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- The Arabian Nights Entertainments Complete - 160/272 -


"You are a woman of such vivacity and wonderful quickness," replied Abou Hassan, "that you scarcely give me time to explain my design. Have but a little patience, and you shall find that you will be ready enough to die such a death as I intend; for surely you could not think I meant a real death?" "Well," said his wife, "if it is but a sham death you design, I am at your service, and you may depend on my zeal to second you in this manner of dying; but I must tell you truly, I am very unwilling to die, as I apprehended you at first."

"Be but silent a little," said Abou Hassan, "and I will tell you what I promise. I will feign myself dead, and you shall lay me out in the middle of my chamber, with my turban upon my face, my feet towards Mecca, as if ready to be carried out to burial. When you have done this, you must lament, and weep bitterly, as is usual in such cases, tear your clothes and hair, or pretend to do it, and go all in tears, with your locks dishevelled, to Zobeide. The princess will of course inquire the cause of your grief; and when you have told her, with words intermixed with sobs, she will pity you, give you money to defray the expense of my funeral, and a piece of good brocade to cover my body, that my interment may be the more magnificent, and to make you a new dress in the room of that you will have torn. As soon as you return with the money and the brocade, I will rise, lay you in my place, and go and act the same part with the caliph, who I dare say will be as generous to me as Zobeide will have been to you."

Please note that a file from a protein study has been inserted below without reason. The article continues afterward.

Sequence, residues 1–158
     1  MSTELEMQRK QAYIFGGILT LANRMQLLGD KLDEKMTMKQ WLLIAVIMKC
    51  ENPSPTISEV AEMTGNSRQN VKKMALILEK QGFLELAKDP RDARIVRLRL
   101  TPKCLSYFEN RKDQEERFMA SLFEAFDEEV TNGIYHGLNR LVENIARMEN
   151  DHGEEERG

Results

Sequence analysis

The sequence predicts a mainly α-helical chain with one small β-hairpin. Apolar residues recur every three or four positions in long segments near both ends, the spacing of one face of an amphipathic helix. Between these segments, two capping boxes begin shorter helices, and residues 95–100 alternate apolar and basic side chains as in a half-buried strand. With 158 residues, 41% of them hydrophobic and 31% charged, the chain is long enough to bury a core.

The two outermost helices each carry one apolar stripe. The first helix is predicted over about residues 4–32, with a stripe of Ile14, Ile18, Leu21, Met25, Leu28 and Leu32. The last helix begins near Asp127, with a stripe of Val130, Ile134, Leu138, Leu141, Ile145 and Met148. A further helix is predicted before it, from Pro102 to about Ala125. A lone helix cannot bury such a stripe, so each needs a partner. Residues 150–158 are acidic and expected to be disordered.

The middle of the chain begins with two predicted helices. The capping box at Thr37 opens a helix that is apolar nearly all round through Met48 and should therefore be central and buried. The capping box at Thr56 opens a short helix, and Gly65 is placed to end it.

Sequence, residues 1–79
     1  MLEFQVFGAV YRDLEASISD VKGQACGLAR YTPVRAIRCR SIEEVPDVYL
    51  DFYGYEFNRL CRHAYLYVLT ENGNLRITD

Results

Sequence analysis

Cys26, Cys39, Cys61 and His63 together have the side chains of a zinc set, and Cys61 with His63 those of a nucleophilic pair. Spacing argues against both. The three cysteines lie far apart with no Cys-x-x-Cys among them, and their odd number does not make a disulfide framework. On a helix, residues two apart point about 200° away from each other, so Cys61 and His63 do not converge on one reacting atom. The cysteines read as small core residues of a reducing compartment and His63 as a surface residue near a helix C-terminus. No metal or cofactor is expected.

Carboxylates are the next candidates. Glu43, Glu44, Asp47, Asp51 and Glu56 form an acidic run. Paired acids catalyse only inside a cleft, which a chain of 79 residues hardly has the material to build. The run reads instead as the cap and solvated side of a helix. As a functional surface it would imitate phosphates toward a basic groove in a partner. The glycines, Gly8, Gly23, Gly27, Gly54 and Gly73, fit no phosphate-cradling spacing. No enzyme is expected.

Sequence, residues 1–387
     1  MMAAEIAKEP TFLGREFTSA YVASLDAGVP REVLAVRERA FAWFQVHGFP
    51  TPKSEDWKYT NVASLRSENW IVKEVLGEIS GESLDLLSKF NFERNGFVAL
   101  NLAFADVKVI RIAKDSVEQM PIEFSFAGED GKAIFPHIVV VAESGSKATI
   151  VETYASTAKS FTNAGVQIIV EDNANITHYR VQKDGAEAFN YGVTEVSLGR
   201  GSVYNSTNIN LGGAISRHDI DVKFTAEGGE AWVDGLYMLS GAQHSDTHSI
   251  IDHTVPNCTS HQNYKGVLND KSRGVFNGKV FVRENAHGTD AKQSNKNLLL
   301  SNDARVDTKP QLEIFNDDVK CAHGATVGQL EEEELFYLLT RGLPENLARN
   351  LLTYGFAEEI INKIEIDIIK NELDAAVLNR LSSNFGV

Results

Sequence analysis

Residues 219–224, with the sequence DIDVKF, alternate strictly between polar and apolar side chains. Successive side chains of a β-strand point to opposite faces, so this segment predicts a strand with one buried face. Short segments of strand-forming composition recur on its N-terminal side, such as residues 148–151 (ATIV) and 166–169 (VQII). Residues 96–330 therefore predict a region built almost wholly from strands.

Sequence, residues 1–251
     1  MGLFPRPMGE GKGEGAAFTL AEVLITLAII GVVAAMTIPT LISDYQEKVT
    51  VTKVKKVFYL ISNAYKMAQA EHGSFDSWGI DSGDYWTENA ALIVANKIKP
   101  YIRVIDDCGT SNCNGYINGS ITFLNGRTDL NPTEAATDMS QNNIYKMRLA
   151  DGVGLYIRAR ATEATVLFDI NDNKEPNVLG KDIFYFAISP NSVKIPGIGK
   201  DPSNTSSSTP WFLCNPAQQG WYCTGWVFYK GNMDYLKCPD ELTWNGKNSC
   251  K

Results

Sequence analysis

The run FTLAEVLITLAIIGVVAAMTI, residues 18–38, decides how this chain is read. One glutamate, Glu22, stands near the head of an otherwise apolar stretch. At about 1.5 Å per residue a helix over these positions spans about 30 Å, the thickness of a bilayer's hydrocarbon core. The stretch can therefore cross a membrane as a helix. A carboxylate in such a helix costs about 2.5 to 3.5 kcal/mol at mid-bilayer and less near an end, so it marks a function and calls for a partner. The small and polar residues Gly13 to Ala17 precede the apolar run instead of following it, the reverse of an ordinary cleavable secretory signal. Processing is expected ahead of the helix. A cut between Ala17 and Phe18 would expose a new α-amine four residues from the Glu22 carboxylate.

Nouzhatoul-aouadat highly approved the project, and said to Abou Hassan, "Come, lose no time; strip to your shirt and drawers, while I prepare a winding sheet. I know how to bury as well as any body; for while I was in Zobeide's service, when any of my fellow-slaves died, I had the conducting of the funeral." Abou Hassan did as his wife mentioned, and laid himself on the sheet which she had spread on the carpet in the middle of the room. As soon as he had crossed his arms, his wife wrapped him up, turned his feet towards Mecca, and put a piece of fine muslin and his turban upon his face, so that nothing seemed wanting but to carry him out to be buried. After this she pulled off her head-dress, and with tears in her eyes, her hair dishevelled, and seeming to tear it off, with a dismal cry and lamentation, beating her face and breast with all the marks of the most lively grief, ran across the court to Zobeide's apartments, who, hearing the voice of a person crying very loud, commanded some of her women to see who it was; they returned and told her that it was Nouzhatoul- aouadat, who was approaching in a deplorable condition.

The princess, impatient to know what had happened to her, rose up immediately, and went to meet her at the door of her ante- chamber. Nouzhatoul-aouadat played her part to perfection. As soon as she saw Zobeide, who held the door open, she redoubled her cries, tore her hair off by handfuls, beat her face and breast, and threw herself at her feet, bathing them with her tears.

Zobeide, amazed to see her slave in such extraordinary affliction, asked what had happened; but, instead of answering, she continued her sobs; and at last feigning to strive to check them, said, with words interrupted with sighs, "Alas! my most honoured lady and mistress, what greater misfortune could have befallen me than this, which obliges me to throw myself at your highness's feet)' God prolong your days, my most respectable princess, in perfect health, and grant you many happy years! Abou Hassan! poor Abou Hassan! whom you honoured with your esteem, and gave me for a husband, is no more!"